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LLM price war sees cream rise to top

By CHENG YU | China Daily | Updated: 2024-06-20 09:01
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A visitor (right) inquires about artificial intelligence-model products during a recent expo in Beijing. GUO HAIPENG/FOR CHINA DAILY

The simmering price war among China's biggest artificial intelligence-model builders will greatly accelerate the launch of more advanced AI language models in the country to close the gap with US counterparts, said top executives from leading Chinese AI startups.

They made the comments at the recent 6th BAAI Conference, a top tech event hosted by the Beijing Academy of Artificial Intelligence. A number of Chinese tech giants such as Alibaba Group, Tencent Holdings and Baidu Inc have recently slashed prices for large language models (LLMs) used to power generative AI products.

Zhang Peng, CEO of Zhipu AI, a Beijing-based startup dubbed one of the four new "AI tigers" of China, said that the price war will drive the development of the country's LLM sector by allowing more people to really see them as essential "infrastructure".

"When LLMs can become very cheap and available at any time for people to use, and without worrying about investment output, they will become akin to infrastructure, just like water and electricity. Under such circumstances, LLM companies will also have greater room for development," Zhang said.

Wang Xiaochuan, CEO of AI firm Baichuan Intelligence, also believes that such a price war, which is competition-oriented, will drive more companies and individuals to truly use large models.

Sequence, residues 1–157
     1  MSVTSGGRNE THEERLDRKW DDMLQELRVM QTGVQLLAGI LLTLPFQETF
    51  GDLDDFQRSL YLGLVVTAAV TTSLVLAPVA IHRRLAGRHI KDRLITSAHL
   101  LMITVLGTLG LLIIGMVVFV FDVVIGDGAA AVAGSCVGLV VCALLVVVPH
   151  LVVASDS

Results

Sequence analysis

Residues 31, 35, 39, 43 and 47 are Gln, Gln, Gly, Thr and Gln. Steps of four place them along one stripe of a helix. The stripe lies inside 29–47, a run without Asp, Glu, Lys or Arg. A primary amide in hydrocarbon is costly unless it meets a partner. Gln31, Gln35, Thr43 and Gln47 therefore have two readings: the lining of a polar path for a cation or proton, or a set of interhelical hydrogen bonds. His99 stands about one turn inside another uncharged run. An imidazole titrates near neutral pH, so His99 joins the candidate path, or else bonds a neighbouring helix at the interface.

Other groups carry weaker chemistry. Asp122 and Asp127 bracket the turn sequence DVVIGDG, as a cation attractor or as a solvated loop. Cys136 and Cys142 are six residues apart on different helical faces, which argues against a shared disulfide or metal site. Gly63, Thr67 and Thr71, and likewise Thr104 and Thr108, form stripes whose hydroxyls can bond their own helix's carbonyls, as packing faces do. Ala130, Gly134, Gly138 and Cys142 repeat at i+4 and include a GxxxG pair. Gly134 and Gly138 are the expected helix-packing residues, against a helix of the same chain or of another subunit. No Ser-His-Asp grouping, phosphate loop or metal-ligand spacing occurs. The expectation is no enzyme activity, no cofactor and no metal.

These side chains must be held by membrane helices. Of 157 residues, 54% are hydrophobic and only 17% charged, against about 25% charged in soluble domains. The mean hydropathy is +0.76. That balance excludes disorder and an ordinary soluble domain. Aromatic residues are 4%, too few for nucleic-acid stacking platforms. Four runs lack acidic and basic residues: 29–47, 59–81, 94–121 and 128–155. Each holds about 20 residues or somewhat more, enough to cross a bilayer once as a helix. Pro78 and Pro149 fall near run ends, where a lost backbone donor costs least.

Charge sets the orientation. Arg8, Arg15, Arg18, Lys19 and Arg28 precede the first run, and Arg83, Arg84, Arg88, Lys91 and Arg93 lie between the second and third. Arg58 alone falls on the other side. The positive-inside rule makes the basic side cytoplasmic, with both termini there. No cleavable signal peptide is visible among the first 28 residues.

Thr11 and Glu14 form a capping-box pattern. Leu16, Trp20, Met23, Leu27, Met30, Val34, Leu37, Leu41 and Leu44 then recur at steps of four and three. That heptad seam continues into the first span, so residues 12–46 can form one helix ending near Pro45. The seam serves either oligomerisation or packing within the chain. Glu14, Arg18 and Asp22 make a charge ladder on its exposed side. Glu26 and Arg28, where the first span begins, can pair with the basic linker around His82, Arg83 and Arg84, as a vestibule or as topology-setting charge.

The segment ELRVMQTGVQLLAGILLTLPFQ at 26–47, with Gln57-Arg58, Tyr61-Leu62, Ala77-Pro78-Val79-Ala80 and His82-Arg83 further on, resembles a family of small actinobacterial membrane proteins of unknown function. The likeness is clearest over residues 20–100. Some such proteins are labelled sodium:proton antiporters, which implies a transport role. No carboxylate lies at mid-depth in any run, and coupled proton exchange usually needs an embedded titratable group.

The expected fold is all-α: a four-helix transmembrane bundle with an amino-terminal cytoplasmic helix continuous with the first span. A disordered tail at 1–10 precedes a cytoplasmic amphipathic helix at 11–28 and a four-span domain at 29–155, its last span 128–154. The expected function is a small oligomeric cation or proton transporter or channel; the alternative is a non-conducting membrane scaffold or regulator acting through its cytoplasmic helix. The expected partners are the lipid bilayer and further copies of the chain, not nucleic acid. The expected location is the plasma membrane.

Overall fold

"Thereby, AI large models will be rapidly popularized in China," Wang said.

He added that previously, many Chinese companies trained LLMs out of fear of falling behind without noting that they were in fact the users of the products themselves.

"With a price war, many of these companies began to realize that they should return to becoming users of large models and make products that are both price- and people-friendly. Such a transformation will reduce the waste of social resources," Wang said.

Amid such a price war, Alibaba's cloud unit announced price cuts of up to 97 percent on a range of its Tongyi Qwen LLMs.

The price cuts came after many industry experts globally realized last year that Chinese LLMs still had a big gap with US counterparts like ChatGPT.

Li Dahai, CEO of ModelBest, said that although the current price war has some marketing elements, at the end of the day, prices of large models in the future will be lower than they are now.

"This is the healthy way for large model companies to survive and it will also enable AI large models to be truly applied in thousands of industries," he said.

Yang Zhilin, founder and CEO of Moonshot AI, an emerging LLM company, said that over the long term, the competition of large models will eventually return to overall profitability.

"At present, the proportion of AI in the workflow is still very low, perhaps 1 percent, and people do much more than AI does. But when the work undertaken by AI large models in the workflow exceeds that of humans, a price war can be avoided on the business side," Yang said.

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